Teaching Format

This course will be offered in-person and online.  For students in Wellington, there will be a combination of in-person components and web/internet based resources. It will also be possible to take the course entirely online for those who cannot attend on campus, with all the components provided in-person also made available online.
During the trimester there will be three lectures per week.
Some weeks the Thursday lecture will be replaced by a tutorial/lab.

Student feedback

Student feedback on University courses may be found at:  www.cad.vuw.ac.nz/feedback/feedback_display.php

Dates (trimester, teaching & break dates)

  • Teaching: 22 February 2021 - 28 May 2021
  • Break: 05 April 2021 - 18 April 2021
  • Study period: 31 May 2021 - 03 June 2021
  • Exam period: 04 June 2021 - 19 June 2021

Class Times and Room Numbers

22 February 2021 - 04 April 2021

  • Tuesday 13:10 - 14:00 – LT103, Hugh Mackenzie, Kelburn
  • Thursday 13:10 - 14:00 – LT103, Hugh Mackenzie, Kelburn
  • Friday 13:10 - 14:00 – LT220, Hunter, Kelburn
19 April 2021 - 30 May 2021

  • Tuesday 13:10 - 14:00 – LT103, Hugh Mackenzie, Kelburn
  • Thursday 13:10 - 14:00 – LT103, Hugh Mackenzie, Kelburn

Other Classes

According to the Lecture Schedule, some week instead of the Lecture on Thursday, there will be a guided lab.


There are no required texts for this offering.

There is no official course textbook.

Mandatory Course Requirements

In addition to achieving an overall pass mark of at least 50%, students must:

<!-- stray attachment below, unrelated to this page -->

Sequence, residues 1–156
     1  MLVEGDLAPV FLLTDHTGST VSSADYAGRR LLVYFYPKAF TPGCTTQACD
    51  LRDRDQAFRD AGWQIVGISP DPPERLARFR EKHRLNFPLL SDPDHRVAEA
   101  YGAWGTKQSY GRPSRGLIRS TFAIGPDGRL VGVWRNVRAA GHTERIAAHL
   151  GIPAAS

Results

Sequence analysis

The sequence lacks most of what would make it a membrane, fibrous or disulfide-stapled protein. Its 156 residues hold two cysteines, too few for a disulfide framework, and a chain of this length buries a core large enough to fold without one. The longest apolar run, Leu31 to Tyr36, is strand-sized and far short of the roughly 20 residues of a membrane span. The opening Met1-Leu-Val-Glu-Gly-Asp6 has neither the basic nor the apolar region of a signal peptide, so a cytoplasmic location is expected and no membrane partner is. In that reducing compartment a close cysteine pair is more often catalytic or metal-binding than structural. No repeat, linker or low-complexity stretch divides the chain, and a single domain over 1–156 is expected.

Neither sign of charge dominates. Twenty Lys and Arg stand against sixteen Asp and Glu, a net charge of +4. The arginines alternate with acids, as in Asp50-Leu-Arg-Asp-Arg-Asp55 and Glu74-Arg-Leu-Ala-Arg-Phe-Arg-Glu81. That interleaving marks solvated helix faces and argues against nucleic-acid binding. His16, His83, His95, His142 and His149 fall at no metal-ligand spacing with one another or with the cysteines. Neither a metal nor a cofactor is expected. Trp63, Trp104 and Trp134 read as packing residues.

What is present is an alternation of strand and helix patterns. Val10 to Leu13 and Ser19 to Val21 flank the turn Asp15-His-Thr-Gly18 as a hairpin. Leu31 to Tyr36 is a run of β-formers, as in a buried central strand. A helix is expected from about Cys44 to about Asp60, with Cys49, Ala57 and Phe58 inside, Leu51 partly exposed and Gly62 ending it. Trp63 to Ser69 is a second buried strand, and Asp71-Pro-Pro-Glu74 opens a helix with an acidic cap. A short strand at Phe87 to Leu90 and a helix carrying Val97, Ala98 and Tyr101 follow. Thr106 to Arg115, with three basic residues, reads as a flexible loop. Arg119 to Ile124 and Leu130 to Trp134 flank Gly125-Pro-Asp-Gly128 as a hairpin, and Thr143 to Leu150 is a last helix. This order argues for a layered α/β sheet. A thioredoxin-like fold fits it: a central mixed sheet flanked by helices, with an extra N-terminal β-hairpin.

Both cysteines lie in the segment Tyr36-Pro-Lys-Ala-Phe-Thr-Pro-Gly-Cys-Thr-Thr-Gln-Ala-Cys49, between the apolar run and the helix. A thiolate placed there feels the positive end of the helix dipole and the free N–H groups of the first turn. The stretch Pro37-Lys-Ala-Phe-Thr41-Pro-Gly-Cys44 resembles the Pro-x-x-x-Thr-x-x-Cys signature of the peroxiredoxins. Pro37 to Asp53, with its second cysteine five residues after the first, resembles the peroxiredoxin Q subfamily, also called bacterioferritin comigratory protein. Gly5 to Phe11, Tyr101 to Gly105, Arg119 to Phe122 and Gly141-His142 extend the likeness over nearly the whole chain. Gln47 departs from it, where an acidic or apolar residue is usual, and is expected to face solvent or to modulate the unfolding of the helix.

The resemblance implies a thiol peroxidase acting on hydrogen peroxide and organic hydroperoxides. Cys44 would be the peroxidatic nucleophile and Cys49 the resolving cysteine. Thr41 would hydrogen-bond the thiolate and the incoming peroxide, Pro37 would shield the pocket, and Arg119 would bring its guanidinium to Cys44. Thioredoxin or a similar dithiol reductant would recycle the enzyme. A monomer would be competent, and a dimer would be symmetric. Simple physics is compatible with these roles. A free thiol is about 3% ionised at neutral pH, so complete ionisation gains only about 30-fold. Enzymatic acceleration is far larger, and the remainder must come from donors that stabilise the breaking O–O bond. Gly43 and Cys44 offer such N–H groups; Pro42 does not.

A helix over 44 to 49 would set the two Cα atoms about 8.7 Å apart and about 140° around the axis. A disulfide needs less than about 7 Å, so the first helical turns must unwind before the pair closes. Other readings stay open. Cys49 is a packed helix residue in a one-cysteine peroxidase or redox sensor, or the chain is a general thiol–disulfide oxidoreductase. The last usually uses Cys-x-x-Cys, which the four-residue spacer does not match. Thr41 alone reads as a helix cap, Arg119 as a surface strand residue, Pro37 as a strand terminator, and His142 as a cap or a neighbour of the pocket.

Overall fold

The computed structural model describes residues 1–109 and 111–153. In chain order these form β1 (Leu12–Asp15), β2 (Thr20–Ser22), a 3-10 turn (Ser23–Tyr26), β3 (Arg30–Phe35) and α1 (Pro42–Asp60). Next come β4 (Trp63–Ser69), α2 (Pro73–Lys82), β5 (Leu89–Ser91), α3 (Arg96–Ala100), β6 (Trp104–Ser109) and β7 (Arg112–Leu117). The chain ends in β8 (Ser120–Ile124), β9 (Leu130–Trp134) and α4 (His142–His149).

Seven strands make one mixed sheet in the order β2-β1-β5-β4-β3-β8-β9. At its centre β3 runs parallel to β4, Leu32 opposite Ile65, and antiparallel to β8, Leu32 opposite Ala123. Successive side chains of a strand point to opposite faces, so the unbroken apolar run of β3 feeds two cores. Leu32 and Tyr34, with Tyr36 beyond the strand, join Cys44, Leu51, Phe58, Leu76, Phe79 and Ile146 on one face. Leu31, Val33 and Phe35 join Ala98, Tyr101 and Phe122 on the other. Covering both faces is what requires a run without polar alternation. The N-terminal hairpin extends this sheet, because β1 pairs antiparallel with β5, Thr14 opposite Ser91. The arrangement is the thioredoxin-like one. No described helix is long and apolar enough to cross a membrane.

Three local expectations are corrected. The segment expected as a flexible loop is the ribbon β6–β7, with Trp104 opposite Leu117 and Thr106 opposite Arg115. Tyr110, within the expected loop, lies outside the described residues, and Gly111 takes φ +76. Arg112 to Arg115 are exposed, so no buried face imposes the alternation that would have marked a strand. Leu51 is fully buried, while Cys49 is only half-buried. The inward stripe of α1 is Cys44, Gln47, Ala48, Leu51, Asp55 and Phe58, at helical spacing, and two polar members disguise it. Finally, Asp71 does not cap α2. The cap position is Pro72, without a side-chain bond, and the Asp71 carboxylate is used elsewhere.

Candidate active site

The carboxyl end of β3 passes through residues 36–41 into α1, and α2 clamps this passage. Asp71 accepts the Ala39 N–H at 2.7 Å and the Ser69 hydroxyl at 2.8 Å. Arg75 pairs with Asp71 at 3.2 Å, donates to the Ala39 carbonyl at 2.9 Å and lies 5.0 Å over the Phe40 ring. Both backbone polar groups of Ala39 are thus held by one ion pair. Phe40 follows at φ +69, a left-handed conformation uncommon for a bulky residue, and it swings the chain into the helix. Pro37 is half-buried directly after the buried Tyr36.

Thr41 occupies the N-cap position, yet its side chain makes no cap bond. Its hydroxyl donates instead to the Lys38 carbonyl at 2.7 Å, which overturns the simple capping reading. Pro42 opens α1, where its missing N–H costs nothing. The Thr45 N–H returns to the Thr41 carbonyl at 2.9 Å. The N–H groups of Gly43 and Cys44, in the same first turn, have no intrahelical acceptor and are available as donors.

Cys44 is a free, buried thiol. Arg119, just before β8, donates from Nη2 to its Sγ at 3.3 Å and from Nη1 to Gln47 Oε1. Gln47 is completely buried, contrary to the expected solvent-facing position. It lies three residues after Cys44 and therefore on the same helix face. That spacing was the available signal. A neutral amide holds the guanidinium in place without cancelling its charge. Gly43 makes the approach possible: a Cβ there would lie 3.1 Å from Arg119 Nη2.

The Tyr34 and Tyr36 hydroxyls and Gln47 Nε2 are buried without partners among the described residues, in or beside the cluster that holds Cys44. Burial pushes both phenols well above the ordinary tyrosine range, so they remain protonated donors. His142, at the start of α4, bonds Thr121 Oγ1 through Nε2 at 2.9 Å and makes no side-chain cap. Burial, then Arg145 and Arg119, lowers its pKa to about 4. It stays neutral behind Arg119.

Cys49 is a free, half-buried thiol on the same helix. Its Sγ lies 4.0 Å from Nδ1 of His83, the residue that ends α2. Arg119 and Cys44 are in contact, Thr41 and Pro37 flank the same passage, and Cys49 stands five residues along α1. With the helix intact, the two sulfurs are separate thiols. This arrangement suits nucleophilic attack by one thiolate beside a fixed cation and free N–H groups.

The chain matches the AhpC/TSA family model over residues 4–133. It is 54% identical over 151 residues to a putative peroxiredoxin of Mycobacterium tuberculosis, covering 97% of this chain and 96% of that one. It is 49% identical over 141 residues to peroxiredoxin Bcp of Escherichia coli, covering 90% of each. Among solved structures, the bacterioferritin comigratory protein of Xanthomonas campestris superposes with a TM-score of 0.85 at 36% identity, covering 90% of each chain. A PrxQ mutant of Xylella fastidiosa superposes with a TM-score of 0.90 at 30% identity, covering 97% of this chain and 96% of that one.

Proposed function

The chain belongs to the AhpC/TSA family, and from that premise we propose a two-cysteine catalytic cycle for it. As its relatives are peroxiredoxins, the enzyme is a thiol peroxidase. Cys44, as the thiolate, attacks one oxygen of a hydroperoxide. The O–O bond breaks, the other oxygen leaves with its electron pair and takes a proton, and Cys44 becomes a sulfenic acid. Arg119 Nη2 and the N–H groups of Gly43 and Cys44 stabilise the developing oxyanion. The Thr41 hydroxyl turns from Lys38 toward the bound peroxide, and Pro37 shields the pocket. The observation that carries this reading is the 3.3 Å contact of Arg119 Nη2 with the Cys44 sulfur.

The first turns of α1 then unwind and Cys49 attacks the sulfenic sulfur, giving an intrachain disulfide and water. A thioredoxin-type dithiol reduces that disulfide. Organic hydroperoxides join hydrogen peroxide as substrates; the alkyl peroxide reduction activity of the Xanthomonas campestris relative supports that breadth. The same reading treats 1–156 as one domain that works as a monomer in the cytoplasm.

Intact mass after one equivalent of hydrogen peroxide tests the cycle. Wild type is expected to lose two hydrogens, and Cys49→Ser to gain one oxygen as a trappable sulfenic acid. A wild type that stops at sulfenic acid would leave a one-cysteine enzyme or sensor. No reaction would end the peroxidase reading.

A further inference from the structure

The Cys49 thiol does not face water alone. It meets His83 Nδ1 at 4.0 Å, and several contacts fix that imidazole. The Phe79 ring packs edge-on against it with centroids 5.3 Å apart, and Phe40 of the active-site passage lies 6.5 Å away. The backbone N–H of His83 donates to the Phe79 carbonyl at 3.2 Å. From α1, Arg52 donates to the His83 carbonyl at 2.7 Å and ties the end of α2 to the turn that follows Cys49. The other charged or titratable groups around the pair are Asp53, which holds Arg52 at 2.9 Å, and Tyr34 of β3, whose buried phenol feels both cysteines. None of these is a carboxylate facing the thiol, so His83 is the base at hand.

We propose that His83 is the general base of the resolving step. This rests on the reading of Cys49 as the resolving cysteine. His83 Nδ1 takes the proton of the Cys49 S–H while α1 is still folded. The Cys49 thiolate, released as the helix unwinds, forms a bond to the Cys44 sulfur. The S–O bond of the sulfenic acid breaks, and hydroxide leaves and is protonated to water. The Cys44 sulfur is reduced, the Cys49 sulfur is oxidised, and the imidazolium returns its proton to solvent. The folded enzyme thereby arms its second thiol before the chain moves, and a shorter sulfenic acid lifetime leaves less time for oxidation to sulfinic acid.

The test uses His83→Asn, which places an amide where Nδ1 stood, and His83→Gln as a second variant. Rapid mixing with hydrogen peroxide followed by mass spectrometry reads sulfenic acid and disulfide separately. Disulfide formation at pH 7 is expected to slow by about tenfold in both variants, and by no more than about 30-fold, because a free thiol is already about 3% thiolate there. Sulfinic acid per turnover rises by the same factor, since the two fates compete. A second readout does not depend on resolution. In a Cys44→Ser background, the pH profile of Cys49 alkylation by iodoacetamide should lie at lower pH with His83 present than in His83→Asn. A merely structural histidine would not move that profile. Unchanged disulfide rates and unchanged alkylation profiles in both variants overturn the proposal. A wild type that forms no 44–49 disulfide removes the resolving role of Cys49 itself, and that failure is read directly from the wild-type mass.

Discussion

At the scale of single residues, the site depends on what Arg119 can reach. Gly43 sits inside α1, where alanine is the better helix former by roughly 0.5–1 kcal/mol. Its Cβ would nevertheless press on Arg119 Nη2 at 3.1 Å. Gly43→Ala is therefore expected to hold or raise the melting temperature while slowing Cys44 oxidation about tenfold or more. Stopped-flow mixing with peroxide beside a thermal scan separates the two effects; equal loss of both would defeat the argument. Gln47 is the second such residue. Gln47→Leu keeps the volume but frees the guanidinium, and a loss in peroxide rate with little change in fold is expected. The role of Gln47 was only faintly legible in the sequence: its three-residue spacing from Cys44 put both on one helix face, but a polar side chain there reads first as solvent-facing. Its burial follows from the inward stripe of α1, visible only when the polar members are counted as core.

• achieve across the assignaments an average of at least 40%.
  • achieve at least a 'D' grade in the two term tests.

If you believe that exceptional circumstances may prevent you from meeting the mandatory course requirements, contact the Course Coordinator for advice as soon as possible.


There will be four assignments and two term tests.
Each assignment will consist of written questions and may include some practical programming problems that explore different aspects of the material presented in the lectures. Doing the assignments is an crucial part of the learning process and is essential for a proper understanding of the material.
Term Tests
The term tests will evaluete your capsacity to apply the concepts of the course in a controlled environment with precise time limits.
Paper non-English to English dictionaries will be permitted.

Assessment ItemDue Date or Test DateCLO(s)Percentage
Assignment 1(Sort)Week 4CLO: 1,2,3,4,5,68%
Assignment 2(Universe)Week 7CLO: 1,2,3,4,5,615%
Term Test 1Week 8CLO: 1,2,3,4,5,624%
Assignment 3(Quiz)Week 9CLO: 1,2,3,4,5,68%
Assignment 4(Actors)Week 11CLO: 1,2,3,4,5,615%
Term Test 2(2 hours duration)TBCCLO: 1,2,3,4,5,630%


Late submissions will be penalised 20% of their mark for every day overdue. This means after 5 days zero marks will be awarded. In this case, the work should still be submitted in order to pass the mandatory requirements. However, submissions will not be accepted once any model answers have been given out.


Individual extensions will only be granted in exceptional personal circumstances, and should be negotiated with the course coordinator before the deadline whenever possible. Documentation (eg, medical certificate) may be required.

Submission & Return

All work should be submitted through the ECS submission system, accessible through the course web pages. Marks and comments will be returned through the ECS marking system, also available through the course web pages.


In order to maintain satisfactory progress in NWEN 303, you should plan to spend an average of 10 hours per week on this paper. A plausible and approximate breakdown for these hours would be:

  • Lectures and tutorials/labs: 3 hours
  • Readings: 1-2 hours
  • Assignments: 6-7 hours

Teaching Plan

See https://ecs.wgtn.ac.nz/Courses/NWEN303_2021T1/LectureSchedule

Communication of Additional Information

All online material for this course can be accessed at https://ecs.wgtn.ac.nz/Courses/NWEN303_2021T1/

Offering CRN: 17182

Points: 15
Prerequisites: ENGR 123 or MATH 161; SWEN 221; 15 points from (COMP 261, CYBR 271, NWEN 241, 243)
Duration: 22 February 2021 - 20 June 2021
Starts: Trimester 1
Campus: Kelburn